Although the new federal law called the Secure Act provides many advantages for people with retirement accounts, there also is a provision that can hurt beneficiaries who inherit those accounts. Good news: There are several possible strategies to reduce the financial harm.
How the new provision works: It requires that most beneficiaries of accounts such as IRAs and 401(k)s, other than a spouse, withdraw all the money within 10 years after the original account owner’s death—in contrast to the previous rules that allowed recipients to stretch out annual required minimum distributions (RMDs) based on each beneficiary’s lifetime expectancy. Under the new rules, any money left in accounts past 10 years is subject to a 50% IRS penalty. Exception: The so-called “Stretch IRA” option is still available for IRA and 401(k) accounts whose owners died before January 1, 2020, when the new law took effect.* (For more on the new law’s effects, go to “New Rules for Retirement and Education Savings Plans.”)
Why the new rules can be harmful: Withdrawing a large amount of money in an accelerated period could mean a much bigger tax bite than stretching out annual withdrawals over a longer period. Also, the old rules allowed inherited assets to grow tax-deferred in a retirement account (or tax-free for Roth accounts) much longer. Overall, the change could cost beneficiaries an estimated $15.7 billion in additional taxes over the next decade, according to the Congressional Research Service. Best strategies to reduce the harm…
For Account Holders
You can take various steps now to protect your beneficiaries later…
Bequeath more of your children’s inheritance to your spouse. Resist the common urge to leave a great deal of assets to your children. Reason: Without the advantage of the Stretch IRA, your children have fewer options to maximize the value of an inherited retirement account than your spouse does.
Example: Say you plan to leave a $1 million IRA to your 40-year-old son. But with just 10 years to empty the account, there’s little he could do to reduce a big overall tax bite even if he withdraws just $100,000 each year, which could push him into a high tax bracket.
Alternative: Leaving just half of that account to your son and the other half to your wife creates a more favorable tax outcome for your family.** Your wife gets to treat the inherited account as her own, which means she avoids RMDs altogether until age 72 (the new age at which RMDs must start under the Secure Act). At that point, she can start stretching distributions over her lifetime expectancy. That means her first-year RMD would be about $19,000, which would be less likely to push her into a high tax bracket. When your wife eventually dies, she can leave all or part of her account to the son, who then has another 10 years to withdraw all the money from the newly inherited account.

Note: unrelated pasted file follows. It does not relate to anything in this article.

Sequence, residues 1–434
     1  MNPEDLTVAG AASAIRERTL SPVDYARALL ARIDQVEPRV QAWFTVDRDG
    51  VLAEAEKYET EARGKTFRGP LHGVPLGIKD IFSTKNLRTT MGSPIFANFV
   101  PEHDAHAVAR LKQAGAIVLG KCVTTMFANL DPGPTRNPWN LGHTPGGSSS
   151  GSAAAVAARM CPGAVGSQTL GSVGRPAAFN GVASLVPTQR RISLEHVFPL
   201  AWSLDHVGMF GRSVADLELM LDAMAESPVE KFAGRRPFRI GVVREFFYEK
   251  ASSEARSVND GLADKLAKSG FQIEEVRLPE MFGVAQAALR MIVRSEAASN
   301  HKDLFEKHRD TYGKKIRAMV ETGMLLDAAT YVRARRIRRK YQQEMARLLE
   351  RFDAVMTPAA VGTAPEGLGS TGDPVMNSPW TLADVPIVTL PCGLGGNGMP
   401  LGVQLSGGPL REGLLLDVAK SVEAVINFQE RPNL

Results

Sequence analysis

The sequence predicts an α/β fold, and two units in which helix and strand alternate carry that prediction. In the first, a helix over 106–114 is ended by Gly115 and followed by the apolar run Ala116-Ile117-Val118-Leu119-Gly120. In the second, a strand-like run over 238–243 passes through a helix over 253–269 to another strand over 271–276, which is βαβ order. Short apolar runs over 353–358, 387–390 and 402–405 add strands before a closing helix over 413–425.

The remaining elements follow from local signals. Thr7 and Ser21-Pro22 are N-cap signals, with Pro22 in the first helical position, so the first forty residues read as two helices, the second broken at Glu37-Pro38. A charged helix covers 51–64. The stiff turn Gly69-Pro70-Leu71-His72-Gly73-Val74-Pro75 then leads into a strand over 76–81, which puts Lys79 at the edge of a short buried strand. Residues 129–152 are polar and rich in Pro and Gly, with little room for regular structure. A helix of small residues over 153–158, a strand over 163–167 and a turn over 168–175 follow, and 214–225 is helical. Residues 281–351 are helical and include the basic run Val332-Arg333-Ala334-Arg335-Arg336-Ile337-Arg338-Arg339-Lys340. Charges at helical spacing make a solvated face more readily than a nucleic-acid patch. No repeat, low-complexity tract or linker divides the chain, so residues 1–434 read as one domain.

Don’t let trusts that you have set up with retirement accounts wreak havoc on your estate plan. Many people often designate a “conduit,” or “pass-through,” trust as the beneficiary of a retirement account. That gives them some control over how and when assets in the account will be distributed to their children after their death. But the new law complicates that strategy.
Example: A grandparent leaves a $2 million IRA in a conduit trust for his 21-year-old granddaughter with the stipulation that the girl will not receive the bulk of the money until ages 35 through 45, when she is presumably responsible enough to handle such a windfall. Under the old law, the trustee could spread RMDs over many years and delay any big distributions. Unfortunately, the new law undermines the grandparent’s wishes because under the new rules, the money must be completely dispersed from the IRA within 10 years, at which point the granddaughter is just 31.
Alternative: An “accumulation” trust. It works similarly to a conduit trust, and the IRA assets in the trust still must be withdrawn from the IRA within 10 years, but at the end of the 10 years, the trustee has the discretion to retain the funds in the trust and follow the distribution schedule you previously stipulated.